8. Concession prices for next year have not been addressed yet. Obviously, they compare what they are charging to other sports venues in town and work with the vendors to come up with the pricing. That step has not been taken yet for the 2013 season. As far as the merchandising, they've taken steps to make sure the pricing at Chicago Sports Depot and in the ballpark is competitive with "the guys down the street" and other retailers.
9. On the topic of dynamic pricing, Brooks said it wasn't a big issue in their study. He did note there were a number of fans who just wanted to know what the price was going to be. The response to that is the $20 tickets in the corner of the lower deck and the $7 tickets in the corner of the upper deck. Those prices are fixed for 78 of the 81 games, Opening Day and the two home games against the Cubs being the exception. He also said the Sox need to do a better job of communicating with the fans to make them understand prices don't always go up on the day of the game. Sometimes they do go down depending on the demand. They obviously don't want to be in a situation where the pricing always goes down, because then no one would ever buy a ticket early. Brooks said with the fixed pricing in the upper deck, you can now get a family of four into the ballpark (with parking included) for less than $50. They want to get more young fans into the ballpark, and there will be more youth-focused initiatives announced later in the offseason.
10. The prime and premier games are a thing of the past. There will be no more labeling of games. Everything is just going to be dynamically priced. A lot of fans didn't go to, say, the Yankees games because of the premier pricing. Brooks noted that the cheapest tickets were the ones that didn't sell for those games, which seems counterintuitive, but it's clear those labels dissuaded certain fans from attending certain games.
11. Brooks said the fan's attitude toward the on-field product has changed in a year's time. Coming off the 2011 season, there was a lot of discontent about the won-loss record. This year's survey didn't indicate anything of the sort. In fact, the survey showed winning was NOT the fans' top priority. Rather, people want a team that competes hard and represents the fan base. The survey showed that is more important than the winning and losing. Brooks acknowledged that some people might respond to that by thinking he's been spending too much time drinking in his office. He acknowledged that winning is very important, and it's the most important thing for some fans. However, factors beyond winning and losing are more important for more fans. Brooks added that doesn't mean there is going to be any shift in the goals of the baseball operations department. They know they need to win.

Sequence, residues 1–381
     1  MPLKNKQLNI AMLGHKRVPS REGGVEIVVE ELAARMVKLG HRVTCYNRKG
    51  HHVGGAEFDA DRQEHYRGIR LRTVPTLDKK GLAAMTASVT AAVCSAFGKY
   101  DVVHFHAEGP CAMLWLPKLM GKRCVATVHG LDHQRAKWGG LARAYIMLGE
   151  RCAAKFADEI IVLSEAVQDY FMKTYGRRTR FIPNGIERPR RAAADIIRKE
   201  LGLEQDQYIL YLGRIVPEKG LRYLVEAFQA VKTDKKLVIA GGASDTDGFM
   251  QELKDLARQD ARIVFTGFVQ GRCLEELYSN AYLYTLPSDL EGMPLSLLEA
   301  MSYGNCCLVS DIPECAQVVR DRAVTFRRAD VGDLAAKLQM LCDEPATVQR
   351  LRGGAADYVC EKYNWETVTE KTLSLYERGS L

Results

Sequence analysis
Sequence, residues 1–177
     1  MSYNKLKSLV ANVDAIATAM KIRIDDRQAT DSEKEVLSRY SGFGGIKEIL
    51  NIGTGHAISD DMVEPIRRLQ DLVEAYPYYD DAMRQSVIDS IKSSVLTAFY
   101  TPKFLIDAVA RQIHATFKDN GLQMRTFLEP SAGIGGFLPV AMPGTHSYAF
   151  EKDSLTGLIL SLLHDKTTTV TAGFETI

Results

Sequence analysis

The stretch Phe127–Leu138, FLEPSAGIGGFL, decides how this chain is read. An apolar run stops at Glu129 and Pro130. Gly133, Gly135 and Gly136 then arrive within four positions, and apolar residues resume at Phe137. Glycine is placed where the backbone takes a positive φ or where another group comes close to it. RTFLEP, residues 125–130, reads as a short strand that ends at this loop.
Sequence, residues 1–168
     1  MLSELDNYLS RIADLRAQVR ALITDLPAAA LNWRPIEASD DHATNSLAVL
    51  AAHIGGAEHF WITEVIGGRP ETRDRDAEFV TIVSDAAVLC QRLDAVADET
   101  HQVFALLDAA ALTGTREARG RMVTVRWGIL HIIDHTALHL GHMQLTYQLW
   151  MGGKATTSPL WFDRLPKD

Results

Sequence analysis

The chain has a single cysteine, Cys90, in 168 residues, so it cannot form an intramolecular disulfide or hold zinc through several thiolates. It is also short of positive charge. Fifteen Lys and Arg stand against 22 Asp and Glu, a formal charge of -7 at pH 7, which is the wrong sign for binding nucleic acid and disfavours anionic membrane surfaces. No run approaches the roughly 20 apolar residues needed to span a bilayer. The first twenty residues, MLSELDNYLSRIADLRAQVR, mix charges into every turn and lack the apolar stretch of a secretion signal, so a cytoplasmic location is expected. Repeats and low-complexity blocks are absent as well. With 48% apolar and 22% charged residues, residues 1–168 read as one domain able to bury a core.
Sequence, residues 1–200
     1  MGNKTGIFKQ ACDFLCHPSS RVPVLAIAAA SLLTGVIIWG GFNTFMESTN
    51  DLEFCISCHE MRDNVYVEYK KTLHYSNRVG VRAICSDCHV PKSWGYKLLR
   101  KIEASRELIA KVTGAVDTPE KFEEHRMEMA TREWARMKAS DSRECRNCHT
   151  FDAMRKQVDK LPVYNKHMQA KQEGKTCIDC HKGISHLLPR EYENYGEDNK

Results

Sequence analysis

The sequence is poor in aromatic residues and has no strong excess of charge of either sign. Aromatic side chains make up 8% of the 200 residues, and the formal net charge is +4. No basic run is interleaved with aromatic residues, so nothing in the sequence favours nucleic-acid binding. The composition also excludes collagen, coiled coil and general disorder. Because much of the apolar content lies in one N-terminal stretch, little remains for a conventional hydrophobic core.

12. Some interesting comments about the advertising campaigns. Brooks said they knew they had no momentum coming off a 2011 season that was a disaster in every way. As a matter of fact, they had an Adam Dunn commercial that never aired that year because of his struggles at the plate. Because of the discontent with the team, they thought it would be very challenging to put the players out there in any sort of advertising campaign. They had the two Robin spots early in the season to re-introduce him to the market, and then they built the "Appreciate the Game" campaign around the fans. They hired Poptent to create four spots, and those are the television ads we all saw throughout the season. They didn't involve the players in any of those spots, but they believe having a winning year this season gives them a chance to have the players start talking to the fans again. People are pleased with what Robin has done with the team. You have a budding ace in Chris Sale, Dunn and Rios produced closer to career norms, etc. So, we will see the players become involved in the advertising campaigns again for 2013.
13. There was one other question about season-ticket holders and dynamic pricing. There remains a gap between the STH price and the individual game pricing. Brooks said on only the rarest occasions would a dynamically-priced ticket sell for less than the STH price. Obviously, they want to encourage people to buy season plans, and the best way to do that is to convince people the best value resides in the ST packages.
JB's attendance record:
2004: 14-5; 2005: 16-8; 2006: 19-10; 2007: 8-12; 2008: 15-7; 2009: 6-13; 2010: 12-11; 2011: 9-8; 2012: 11-7; 2013: 8-9; 2014: 6-8; Total: 124-98.
Next game: Sept. 27 vs. Kansas City
Read my new baseball blog: http://thebaseballkid98.blogspot.com/